J. A. Di Bello’s Review of Tesla’s Letters

September 9, 2017

Cornerstone Theatre Arts


And of the citizens: is any one right?

     Tesla’s  Letters is a drama for stage written by a socially active Jeffrey Stanley.  The story unfolds on the stage of the intimate, 55 seat theatre at the Goshen Music Hall.  Here an adequately prepared audience will find a small office with a large, bellicose occupant, Dragan Milincevic.  He is the Director of the Tesla Museum in Belgrade, Serbia.  Director Joe Barra’s choice of Mark Von Oesen is the perfect and somewhat interesting choice for this part, as he easily dominates the stage with his sizeable physique and vocal pitch, which is baritone and a nearly a thunderous bass.

The dramatic adversary in this play is a young, attractive American Ph.D. candidate, Daisy Archer.  She is effectively brought to the stage by Jessica Rose Markman, a talented actor, who represents Daisy Archer as bright, articulate and a tad naïve.   She, with prior permission from the Museum, has traveled to Belgrade to learn and subsequently write about the scientific and personal life of Nikola Tesla and a “doomsday device.”

Milincevic sends Daisy on a frivolous, unnecessary and perilous journey into war torn Croatia to determine the level of her scholastic intentions.  During her travels she encounters Zoran.  He’s portrayed by an engaging David Camacho, a familiar and efficient actor at the Goshen Music Hall.  He is a part of the learning process experienced by Ms. Archer.  Also, rounding out the cast of this unusual drama is Evelyn Albino as Milincevic’s secretary.  She, Evelyn, is a dedicated and competent actor at Cornerstone Theatre Arts.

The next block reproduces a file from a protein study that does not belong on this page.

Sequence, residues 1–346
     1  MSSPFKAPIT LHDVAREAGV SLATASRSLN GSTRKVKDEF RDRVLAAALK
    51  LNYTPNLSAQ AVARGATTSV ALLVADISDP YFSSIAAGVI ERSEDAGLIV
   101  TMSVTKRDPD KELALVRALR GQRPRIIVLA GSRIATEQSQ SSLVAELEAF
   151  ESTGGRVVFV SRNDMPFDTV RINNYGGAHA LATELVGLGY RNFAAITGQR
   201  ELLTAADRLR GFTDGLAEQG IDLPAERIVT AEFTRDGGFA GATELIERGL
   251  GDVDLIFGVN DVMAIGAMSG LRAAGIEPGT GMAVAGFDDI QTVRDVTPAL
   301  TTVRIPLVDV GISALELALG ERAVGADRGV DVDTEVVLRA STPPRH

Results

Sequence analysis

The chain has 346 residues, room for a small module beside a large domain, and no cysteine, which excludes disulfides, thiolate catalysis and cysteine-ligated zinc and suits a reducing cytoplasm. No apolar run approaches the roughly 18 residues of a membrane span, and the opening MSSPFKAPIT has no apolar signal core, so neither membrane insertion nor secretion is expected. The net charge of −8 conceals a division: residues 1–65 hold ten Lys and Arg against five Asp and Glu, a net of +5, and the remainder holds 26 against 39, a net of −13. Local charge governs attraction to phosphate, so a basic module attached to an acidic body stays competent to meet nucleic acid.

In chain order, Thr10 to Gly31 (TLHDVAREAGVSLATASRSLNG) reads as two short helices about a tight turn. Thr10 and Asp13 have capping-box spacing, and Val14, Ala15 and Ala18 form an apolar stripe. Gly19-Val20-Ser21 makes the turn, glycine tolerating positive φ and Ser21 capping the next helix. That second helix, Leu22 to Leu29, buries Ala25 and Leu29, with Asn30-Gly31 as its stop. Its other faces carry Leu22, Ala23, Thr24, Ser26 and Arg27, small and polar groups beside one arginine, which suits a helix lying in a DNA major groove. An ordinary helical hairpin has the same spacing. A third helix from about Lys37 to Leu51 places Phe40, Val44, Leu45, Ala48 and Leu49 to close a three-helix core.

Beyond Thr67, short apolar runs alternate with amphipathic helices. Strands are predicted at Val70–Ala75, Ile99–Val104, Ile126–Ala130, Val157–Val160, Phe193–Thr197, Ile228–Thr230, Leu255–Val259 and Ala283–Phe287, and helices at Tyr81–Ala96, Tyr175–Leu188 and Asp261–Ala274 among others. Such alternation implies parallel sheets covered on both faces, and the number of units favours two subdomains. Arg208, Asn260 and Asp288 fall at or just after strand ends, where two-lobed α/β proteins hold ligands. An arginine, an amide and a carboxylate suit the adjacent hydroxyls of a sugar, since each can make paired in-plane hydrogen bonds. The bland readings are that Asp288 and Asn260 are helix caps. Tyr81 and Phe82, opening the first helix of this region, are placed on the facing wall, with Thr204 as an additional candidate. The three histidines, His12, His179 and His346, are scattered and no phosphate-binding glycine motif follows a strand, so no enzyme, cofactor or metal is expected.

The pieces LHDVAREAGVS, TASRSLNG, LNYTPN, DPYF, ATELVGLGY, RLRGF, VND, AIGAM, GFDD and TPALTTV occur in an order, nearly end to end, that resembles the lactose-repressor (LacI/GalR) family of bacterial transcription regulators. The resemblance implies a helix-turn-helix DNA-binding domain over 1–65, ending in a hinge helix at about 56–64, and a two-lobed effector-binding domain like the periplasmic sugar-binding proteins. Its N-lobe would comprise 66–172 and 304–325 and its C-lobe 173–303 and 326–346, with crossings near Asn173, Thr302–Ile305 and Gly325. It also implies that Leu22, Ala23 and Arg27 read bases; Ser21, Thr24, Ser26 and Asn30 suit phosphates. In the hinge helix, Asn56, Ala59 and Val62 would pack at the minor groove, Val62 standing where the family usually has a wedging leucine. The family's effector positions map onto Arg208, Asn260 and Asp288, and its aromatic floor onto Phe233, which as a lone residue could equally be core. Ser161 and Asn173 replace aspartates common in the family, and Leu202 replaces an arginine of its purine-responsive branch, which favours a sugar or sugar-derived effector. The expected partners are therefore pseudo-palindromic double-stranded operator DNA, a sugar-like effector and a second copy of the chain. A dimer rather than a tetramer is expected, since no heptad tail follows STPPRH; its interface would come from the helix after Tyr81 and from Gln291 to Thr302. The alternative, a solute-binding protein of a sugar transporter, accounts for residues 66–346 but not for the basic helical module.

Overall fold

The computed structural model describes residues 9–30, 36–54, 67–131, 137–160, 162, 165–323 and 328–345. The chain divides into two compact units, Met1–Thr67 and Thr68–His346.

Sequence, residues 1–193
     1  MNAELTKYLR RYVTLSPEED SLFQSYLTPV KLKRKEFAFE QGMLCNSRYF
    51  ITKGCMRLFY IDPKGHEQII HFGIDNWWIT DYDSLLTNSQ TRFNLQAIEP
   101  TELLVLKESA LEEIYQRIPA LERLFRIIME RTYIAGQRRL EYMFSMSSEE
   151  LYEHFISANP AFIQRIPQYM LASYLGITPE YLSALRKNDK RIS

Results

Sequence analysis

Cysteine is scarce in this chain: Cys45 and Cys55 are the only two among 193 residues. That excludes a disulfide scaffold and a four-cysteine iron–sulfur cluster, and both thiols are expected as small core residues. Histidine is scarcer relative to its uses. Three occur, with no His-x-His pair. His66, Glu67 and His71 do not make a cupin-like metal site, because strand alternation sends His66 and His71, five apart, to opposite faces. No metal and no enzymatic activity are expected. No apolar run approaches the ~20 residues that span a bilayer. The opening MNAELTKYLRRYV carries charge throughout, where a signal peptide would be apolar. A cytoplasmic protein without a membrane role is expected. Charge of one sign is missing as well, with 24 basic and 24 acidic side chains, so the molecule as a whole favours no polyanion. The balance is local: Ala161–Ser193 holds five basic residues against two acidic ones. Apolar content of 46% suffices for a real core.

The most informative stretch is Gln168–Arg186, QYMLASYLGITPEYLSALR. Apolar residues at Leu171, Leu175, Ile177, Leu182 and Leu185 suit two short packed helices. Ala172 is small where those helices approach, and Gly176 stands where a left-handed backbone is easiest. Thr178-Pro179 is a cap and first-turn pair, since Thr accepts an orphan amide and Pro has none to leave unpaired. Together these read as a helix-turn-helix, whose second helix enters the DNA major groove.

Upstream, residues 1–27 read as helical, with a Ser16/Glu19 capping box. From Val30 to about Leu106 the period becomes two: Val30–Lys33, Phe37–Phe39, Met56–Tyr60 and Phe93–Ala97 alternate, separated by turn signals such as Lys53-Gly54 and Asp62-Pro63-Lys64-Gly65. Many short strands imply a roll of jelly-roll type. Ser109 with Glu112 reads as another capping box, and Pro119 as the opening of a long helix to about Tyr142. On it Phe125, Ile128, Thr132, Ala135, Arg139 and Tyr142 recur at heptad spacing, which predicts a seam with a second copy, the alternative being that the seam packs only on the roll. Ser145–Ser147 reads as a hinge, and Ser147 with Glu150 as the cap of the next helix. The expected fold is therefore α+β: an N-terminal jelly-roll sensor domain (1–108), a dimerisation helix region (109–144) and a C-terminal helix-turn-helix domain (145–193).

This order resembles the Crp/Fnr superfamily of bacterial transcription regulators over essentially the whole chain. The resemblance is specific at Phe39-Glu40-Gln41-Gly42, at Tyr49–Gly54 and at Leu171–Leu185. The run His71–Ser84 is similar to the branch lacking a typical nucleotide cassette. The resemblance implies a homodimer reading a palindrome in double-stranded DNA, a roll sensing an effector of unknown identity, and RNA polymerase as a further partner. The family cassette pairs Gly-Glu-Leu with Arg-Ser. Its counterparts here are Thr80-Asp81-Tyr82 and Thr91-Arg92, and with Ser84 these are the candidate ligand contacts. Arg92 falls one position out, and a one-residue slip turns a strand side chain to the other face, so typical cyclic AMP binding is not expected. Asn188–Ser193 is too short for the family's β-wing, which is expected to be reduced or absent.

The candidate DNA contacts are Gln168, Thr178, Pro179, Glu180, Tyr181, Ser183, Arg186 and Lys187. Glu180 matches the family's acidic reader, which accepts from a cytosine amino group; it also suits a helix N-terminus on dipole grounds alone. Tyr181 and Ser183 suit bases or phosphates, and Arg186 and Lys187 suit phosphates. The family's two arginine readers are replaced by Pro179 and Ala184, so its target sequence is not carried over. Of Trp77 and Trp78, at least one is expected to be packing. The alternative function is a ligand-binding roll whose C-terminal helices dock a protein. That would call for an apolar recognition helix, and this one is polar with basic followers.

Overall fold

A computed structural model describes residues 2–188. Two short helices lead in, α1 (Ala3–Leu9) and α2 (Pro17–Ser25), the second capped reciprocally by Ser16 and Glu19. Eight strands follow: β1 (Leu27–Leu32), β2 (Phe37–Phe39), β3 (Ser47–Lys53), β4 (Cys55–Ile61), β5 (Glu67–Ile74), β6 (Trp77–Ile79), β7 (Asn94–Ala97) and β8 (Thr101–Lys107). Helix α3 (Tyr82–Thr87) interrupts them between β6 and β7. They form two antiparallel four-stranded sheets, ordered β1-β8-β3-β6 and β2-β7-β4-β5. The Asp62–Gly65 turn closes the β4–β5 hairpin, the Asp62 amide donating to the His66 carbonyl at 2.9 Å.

Director, Joe Barra, was wise to provide the audience with a prologue prior to performance, for this drama can not stand alone.  There are politics, politics and myth associated with the reality of the play’s purpose.  What was not provided is a informative excerpt from the published play.  A full page was dedicated by Jeffrey Stanley to a quote from Dante’s The Inferno.  A portion provided here: 

Tell if you can the divided city’s fate,

And of the citizens: is any one right?

And that is the whole point of the drama as it unfolds:  humankind’s propensity for conflict and the very real potential for mutual destruction.  Consider Tesla’s alleged doomsday device on the same page as the obsessed Director Milincevic’s abusive power and control disorder.  Each striving to dominate the stage:  a conflict with unintended consequence?

This superbly presented and acted drama results in the arousal of curiosity.  The complete story of the genius of Tesla and his place in understanding electromagnetism as well as his innumerable contributions to science.  He has for all practical purposes been ignored. 

Tesla’s Letters will play at the Goshen Music Hall through September 24, Friday and Saturdays at 8 pm and Sundays at 2 pm.  Reservations are required:  Call 845-294-4188.



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